Swearing, shouting and sarcasm won’t help you

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I spend a huge amount of my time encouraging people to make complaints. But I know all too well what can go wrong when you do. From the hours stuck in the queue to speak to someone, endless transfers to other departments, standard responses and other horrors from firms who just don’t get it.

I set up Resolver to help people by providing one simple way to make complaints. But things don’t always go to plan. So, if you want to improve your chances of succeeding with your complaint, there are a few things to bear in mind.

The team at Resolver spoke to a wide range of people in customer services to find the things that really get under their skin.

◆ Swearing and rudeness. Yes, it’s obvious but a huge number of people just can’t help themselves when it comes to making a complaint. So be polite. And avoid any negative tone if you can – sarcasm never slips under the radar.

◆ BLOCK CAPITALS!!! We Brits tend to interpret block capitals as being shouted at by someone. And that may well be what you intended, but it can work against your complaint. The same goes for the “underline” function, different colour fonts excessive exclamation marks, extra-large print or a combo of all of these.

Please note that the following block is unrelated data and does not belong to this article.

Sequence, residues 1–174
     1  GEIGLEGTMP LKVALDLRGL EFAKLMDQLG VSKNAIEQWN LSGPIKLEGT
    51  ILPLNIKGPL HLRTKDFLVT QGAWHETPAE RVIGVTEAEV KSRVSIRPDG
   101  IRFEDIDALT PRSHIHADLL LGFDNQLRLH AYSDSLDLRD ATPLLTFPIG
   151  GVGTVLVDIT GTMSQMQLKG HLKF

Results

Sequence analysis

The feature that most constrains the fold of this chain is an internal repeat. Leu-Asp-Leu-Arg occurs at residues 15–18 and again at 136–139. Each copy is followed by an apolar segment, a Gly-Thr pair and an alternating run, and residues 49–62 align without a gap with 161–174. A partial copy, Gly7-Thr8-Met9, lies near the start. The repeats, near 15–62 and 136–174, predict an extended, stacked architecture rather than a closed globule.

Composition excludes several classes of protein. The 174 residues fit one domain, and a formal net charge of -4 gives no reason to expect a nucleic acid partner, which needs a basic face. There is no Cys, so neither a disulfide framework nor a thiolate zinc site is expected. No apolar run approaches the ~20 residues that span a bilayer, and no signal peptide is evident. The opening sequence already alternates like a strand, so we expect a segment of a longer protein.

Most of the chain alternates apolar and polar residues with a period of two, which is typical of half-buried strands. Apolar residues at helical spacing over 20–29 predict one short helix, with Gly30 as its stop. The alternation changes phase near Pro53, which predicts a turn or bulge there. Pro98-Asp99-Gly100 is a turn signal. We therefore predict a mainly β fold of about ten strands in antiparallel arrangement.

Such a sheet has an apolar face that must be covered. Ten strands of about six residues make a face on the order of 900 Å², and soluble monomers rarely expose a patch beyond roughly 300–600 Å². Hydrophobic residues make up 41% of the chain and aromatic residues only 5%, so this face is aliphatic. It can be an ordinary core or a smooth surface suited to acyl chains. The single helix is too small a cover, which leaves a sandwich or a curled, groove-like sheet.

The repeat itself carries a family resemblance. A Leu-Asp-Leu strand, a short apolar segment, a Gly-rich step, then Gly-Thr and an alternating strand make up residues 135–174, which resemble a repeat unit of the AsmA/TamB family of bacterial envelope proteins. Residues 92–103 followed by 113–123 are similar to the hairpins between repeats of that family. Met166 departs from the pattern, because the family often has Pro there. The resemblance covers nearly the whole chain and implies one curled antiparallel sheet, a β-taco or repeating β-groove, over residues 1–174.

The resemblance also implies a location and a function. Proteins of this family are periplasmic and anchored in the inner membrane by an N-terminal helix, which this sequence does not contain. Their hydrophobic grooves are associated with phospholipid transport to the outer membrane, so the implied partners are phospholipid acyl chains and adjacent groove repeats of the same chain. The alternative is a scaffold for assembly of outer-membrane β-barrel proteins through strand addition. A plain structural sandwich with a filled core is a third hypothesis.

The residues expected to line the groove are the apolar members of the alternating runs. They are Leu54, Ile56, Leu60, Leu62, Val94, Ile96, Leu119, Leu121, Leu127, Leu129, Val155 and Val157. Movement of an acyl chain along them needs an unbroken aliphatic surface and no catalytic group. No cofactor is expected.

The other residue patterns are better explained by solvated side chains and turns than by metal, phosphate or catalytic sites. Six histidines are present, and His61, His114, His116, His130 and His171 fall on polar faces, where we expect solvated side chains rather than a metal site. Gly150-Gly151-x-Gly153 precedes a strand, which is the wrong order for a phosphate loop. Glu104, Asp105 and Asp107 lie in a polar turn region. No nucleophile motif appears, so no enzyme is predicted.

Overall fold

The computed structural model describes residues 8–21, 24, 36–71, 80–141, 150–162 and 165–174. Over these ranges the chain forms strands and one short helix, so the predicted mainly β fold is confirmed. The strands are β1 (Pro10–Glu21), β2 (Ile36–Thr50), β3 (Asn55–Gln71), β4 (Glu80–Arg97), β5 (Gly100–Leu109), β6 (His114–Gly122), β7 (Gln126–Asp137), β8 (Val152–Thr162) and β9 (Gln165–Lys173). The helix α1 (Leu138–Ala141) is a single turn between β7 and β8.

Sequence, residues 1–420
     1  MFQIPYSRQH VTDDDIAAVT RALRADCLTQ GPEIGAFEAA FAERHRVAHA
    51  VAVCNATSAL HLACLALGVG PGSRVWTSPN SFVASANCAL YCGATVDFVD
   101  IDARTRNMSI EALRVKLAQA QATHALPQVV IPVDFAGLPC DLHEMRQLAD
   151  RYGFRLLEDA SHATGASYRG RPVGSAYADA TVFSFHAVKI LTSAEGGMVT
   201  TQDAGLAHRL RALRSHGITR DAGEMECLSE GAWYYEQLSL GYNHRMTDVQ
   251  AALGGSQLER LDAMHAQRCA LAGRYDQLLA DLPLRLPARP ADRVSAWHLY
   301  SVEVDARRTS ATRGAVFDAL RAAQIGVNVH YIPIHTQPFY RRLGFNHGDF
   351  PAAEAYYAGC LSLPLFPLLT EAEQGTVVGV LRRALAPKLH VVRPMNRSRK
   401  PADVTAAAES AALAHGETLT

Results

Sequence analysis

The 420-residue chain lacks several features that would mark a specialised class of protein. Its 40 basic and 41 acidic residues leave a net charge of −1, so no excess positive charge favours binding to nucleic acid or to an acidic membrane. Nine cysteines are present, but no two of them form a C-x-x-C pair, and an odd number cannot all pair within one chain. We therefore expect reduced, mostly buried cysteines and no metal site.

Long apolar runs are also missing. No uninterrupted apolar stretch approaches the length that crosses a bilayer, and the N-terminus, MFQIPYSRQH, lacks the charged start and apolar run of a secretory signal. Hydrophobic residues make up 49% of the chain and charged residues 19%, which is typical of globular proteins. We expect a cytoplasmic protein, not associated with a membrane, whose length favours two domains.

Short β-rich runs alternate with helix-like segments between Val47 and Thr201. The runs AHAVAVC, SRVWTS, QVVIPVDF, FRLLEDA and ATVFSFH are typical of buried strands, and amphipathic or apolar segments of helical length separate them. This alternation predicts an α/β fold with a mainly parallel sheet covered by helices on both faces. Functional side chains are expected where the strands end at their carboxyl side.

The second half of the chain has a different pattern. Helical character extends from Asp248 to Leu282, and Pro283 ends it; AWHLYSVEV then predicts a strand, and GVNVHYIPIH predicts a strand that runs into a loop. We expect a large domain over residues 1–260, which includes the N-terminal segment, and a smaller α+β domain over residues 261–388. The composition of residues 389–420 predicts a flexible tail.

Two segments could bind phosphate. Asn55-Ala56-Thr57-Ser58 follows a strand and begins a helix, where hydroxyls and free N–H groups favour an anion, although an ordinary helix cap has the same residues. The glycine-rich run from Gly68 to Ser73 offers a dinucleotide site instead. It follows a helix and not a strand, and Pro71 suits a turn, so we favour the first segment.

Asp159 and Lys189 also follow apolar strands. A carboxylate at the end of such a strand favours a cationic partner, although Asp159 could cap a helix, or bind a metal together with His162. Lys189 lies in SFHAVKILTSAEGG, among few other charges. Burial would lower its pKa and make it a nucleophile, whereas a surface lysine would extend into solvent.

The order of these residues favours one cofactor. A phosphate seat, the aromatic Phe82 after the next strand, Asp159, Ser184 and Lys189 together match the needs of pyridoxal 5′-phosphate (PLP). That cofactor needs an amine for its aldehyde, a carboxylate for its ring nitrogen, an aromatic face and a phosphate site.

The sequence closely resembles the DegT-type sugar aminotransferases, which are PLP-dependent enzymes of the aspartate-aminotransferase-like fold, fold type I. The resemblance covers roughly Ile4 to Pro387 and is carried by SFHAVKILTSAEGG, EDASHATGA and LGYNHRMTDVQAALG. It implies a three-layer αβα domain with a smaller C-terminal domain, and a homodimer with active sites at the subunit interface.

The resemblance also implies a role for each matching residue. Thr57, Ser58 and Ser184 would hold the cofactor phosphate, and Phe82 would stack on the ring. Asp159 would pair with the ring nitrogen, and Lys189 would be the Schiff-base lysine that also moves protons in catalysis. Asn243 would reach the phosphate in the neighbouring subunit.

◆ Paragraphs. It’s not all about keeping calm. Big blocks of text are hard to read and can get in the way of understanding your argument. Pop some paragraph breaks in and it’s much easier to digest.

◆ Dear Sirs… Because many women work in customer services. Dear Sir/Madam is fine, or even a “Hello”, or address the letter to the complaints team.

◆ Stream of thought sentences. When you’re upset, it’s hard to focus on your argument. But try noting down the key points in bullet point form. It’ll help you make sense of what it is you want the business to understand.

◆ It’s not a novel. Some complaints do go on for years – and there are times when paperwork will become lengthy. But most complaints succeed where they’re summarised in clear and simple terms. If your summary is straying over 10 pages, it’s way too long.

◆ Separation. It’s easy to focus on the person dealing with your complaint as part of the problem. But it helps to emphasise that it’s the business you’re annoyed with – not them. Many call centre workers have bonkers targets – sometimes up to taking 20 calls an hour. A little bit of empathy goes a long way. And they may be able to go out of their way to help you too.

◆ Patience. Ask what the timescales are for resolving your complaint and when you can expect to the contacted. But don’t jump the gun or try to make the same complaint through numerous people. It can actually delay sorting things out due to the confusion. If you have an urgent situation, make sure you explain why the problem needs to be dealt with as a priority. A business can sort out the urgent part of a complaint straight away and address the other issues later, if it understands why you need help now.

Most importantly, don’t forget to say what you want to happen to sort the complaint out. Don’t leave it for the firm to guess.

You should never have to accept bad service. So don’t be put off, take a deep breath and get in touch if you need help getting started at www.resolver.co.uk.

James Walker is the founder of online complaint-resolution service Resolver.co.uk